• Increase focus for your team with productive strategy questions everyone can use
  • Actively engage stakeholders in strategy AND implementation success

Download Your FREE Results!!! Creating Strategic Impact Mini-book

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Founder of The Brainzooming Group, and an expert on strategy, creativity, and innovation. Mike is a frequent speaker on innovation, strategic thinking, and social media.

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Great branding strategy examples abound. You just have to be on the lookout for them when they come across your path.

We were in St. Joseph, MO for a client session. The highlight of the car trip was driving by this ice cream stand, Kris and Kate’s Ice Cream Treats. Can you believe how cute this place is? Although the sign outside said it is closed until March, a stop on the way back through town was mandatory to get a few pictures.

Kris-Kate-Ice-Cream-Treats

It was only after pulling into the parking lot at Kris and Kate’s Ice Cream Treats on the return trip that something even more incredible than the building’s design jumped out: the best brand promise ever.

“If you can think it, we can make it.”

Brand-Promise

I don’t know if Kris and Kate’s Ice Cream Treats thinks about this as a brand promise, a slogan, or something else. It really doesn’t matter, because it is the best brand promise ever – and not just for an ice cream stand in St. Joseph, MO.

If your organization specializes in one particular area, your branding strategy discussions should include the question: “If our customers can think it, can we make it?”

If that were your organization’s brand promise, what would you have to do differently with your branding strategy when it comes to:

  • Responsiveness?
  • Flexibility?
  • Your commitment to figuring things out?
  • The ability to anticipate your customers?
  • Being ready for unusual requests?
  • Having resources in place to act?
  • Support organizationally for improvisation?
  • Support and guidelines instead of rules for employee behavior?

It gets pretty dizzying in a hurry!

But wouldn’t the ability to do these things make your brand promise be the best brand promise ever?

I think we just stumbled over our newest brand experience exercise!  – Mike Brown

10 Keys to Engaging Stakeholders to Create Improved Results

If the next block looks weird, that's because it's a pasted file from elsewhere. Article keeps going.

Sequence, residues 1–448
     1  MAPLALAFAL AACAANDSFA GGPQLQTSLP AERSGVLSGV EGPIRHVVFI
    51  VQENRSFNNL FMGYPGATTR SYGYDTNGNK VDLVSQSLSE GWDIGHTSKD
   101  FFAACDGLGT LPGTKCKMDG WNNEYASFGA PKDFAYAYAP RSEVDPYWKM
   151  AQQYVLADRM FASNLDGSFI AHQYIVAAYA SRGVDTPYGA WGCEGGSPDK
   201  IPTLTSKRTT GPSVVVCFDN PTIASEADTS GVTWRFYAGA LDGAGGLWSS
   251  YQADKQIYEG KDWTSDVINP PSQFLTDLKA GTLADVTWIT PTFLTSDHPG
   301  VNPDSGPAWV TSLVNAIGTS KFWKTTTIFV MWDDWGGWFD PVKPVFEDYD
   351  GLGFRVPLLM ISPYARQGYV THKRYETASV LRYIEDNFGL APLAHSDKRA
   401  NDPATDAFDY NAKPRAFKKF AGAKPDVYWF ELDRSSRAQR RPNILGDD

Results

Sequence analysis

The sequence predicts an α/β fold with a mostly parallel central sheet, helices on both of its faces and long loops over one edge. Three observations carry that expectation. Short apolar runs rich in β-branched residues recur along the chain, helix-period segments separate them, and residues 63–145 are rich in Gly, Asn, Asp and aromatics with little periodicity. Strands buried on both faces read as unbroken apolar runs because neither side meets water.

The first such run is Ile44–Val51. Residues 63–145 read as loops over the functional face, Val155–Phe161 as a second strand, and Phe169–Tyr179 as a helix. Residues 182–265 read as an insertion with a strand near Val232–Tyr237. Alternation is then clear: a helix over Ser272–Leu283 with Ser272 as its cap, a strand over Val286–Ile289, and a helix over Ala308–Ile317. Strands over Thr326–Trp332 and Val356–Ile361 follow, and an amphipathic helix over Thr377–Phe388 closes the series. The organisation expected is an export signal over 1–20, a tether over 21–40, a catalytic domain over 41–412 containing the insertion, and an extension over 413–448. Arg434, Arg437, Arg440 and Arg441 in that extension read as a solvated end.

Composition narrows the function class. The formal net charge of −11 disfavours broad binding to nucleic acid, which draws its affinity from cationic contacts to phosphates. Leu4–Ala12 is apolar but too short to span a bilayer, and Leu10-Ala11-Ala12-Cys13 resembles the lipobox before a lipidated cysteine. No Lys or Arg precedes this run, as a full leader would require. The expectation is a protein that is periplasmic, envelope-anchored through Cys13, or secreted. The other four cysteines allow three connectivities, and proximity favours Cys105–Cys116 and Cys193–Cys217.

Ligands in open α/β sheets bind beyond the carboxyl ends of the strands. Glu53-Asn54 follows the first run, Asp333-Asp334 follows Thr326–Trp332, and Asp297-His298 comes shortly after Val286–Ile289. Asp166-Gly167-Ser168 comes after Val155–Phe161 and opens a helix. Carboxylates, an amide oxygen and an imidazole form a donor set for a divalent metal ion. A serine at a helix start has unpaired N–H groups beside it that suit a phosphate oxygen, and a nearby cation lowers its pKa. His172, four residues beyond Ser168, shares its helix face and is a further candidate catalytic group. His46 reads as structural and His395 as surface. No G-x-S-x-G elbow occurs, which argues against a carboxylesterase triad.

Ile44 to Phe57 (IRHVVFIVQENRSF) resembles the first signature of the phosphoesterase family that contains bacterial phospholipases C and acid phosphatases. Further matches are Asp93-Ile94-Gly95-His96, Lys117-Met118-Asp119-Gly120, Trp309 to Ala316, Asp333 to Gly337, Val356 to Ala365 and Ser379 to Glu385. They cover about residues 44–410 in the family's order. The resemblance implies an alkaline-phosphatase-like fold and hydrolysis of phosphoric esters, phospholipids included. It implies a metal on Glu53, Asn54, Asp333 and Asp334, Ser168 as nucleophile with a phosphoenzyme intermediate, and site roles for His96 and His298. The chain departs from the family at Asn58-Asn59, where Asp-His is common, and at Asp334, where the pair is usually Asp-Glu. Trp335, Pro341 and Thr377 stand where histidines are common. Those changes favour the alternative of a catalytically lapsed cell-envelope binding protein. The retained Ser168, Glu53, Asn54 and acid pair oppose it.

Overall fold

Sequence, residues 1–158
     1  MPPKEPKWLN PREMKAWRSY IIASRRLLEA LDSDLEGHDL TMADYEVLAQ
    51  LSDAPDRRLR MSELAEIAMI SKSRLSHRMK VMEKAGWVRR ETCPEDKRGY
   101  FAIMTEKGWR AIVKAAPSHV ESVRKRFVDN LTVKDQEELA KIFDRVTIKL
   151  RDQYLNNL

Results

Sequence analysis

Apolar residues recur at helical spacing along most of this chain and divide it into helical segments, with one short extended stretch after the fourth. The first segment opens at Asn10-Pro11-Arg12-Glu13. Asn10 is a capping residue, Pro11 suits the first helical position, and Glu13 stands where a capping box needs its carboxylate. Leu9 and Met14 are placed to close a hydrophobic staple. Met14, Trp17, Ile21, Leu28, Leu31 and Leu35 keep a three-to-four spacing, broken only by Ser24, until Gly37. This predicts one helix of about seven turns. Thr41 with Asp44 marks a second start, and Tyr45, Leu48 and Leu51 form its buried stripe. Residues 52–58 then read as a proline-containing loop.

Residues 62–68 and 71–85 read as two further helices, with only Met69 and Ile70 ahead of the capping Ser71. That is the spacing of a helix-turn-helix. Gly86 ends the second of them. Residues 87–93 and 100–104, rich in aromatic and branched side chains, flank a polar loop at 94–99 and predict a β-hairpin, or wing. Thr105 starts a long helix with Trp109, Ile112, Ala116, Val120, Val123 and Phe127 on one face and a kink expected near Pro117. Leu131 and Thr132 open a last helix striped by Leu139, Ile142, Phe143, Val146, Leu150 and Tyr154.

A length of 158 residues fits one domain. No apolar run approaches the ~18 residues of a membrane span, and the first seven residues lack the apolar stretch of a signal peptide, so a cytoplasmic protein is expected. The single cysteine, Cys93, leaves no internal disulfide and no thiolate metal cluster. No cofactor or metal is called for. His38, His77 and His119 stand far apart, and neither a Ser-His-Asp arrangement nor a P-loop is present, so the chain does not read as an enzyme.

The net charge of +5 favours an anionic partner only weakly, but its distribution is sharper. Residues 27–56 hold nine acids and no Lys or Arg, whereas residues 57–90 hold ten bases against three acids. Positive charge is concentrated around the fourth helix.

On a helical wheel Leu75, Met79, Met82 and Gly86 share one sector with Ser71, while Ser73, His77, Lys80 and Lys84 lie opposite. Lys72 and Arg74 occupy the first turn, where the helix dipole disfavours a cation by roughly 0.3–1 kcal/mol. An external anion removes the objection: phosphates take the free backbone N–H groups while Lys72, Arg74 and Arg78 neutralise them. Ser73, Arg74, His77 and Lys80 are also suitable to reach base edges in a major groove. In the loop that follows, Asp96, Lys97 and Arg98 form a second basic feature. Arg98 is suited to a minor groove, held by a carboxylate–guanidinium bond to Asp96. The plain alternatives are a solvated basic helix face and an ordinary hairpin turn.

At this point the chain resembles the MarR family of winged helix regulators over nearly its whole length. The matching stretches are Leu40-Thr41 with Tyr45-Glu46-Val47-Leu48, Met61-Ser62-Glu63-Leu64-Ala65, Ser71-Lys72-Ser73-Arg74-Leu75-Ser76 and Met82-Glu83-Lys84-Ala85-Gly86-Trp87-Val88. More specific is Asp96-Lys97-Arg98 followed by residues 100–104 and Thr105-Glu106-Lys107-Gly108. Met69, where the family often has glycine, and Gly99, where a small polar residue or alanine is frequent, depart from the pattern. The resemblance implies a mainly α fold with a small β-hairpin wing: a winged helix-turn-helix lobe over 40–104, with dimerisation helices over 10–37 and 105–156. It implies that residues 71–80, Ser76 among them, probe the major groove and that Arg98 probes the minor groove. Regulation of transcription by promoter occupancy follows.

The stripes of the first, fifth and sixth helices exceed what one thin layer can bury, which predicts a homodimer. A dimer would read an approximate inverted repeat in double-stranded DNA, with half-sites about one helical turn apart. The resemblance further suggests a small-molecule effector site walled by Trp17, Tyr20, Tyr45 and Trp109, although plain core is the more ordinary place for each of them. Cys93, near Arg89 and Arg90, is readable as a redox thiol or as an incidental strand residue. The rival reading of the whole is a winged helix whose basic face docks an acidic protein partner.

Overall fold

FREE Download: “Results!!! Creating Strategic Impact”

Results!!! Creating Strategic Impact Mini-Book

Leaders are looking for powerful ways to engage strong collaborators to shape shared visions. They need strategic thinkers who can develop strategy and turn it into results.

This new Brainzooming mini-book, “Results – Creating Strategic Impact” unveils ten proven lessons for leaders to increase strategic collaboration, engagement, and create improved results.

Download this free, action-focused mini-book to:

  • Learn smart ways to separate strategic opportunities from the daily noise of business
  • Increase focus for your team with productive strategy questions everyone can use
  • Actively engage stakeholders in strategy AND implementation success

Download Your FREE Results!!! Creating Strategic Impact Mini-book

If you enjoyed this article, subscribe to the free Brainzooming blog email updates.

 

Mike Brown

Founder of The Brainzooming Group, and an expert on strategy, creativity, and innovation. Mike is a frequent speaker on innovation, strategic thinking, and social media.

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I’m not sure where to start with the brand experience problems for Southwest Airlines in this picture. When it comes to bad decisions about branding strategies, this scary mistake is all tricks and no treats.

This scene greeted me in Kansas City as I returned on a Southwest flight from Boston. The entire Southwest Airlines ticketing area was decorated for Halloween. But the Halloween decorations weren’t of things like pumpkins, candy, and some of the lighter aspects of Halloween.

No, the Southwest Airlines ticketing area went with an over the top death theme for its Halloween decorations: multiple hanging skeletons, ghosts, and tombstones (sitting on an overhang, front and center) featuring RIP (Rest in Peace) on them.

Brand-Strategy-RIP

Extending Branding Strategies Too Far

Maybe because of the lighthearted and fun aspects of the Southwest Airlines brand personality, it seems prone to missing the boundaries where lighthearted and fun run lead to situations in poor taste. We talk about Southwest Airlines frequently example in Brainzooming branding and content marketing workshops. Because it does so much so well, its brand miscues probably stick out more when they happen.

Scary-Branding-Mistakes2